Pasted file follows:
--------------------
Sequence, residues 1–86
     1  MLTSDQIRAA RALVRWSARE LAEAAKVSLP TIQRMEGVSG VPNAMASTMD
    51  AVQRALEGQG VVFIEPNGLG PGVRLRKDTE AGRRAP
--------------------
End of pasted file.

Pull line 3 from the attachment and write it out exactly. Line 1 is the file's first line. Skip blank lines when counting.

    51  AVQRALEGQG VVFIEPNGLG PGVRLRKDTE AGRRAP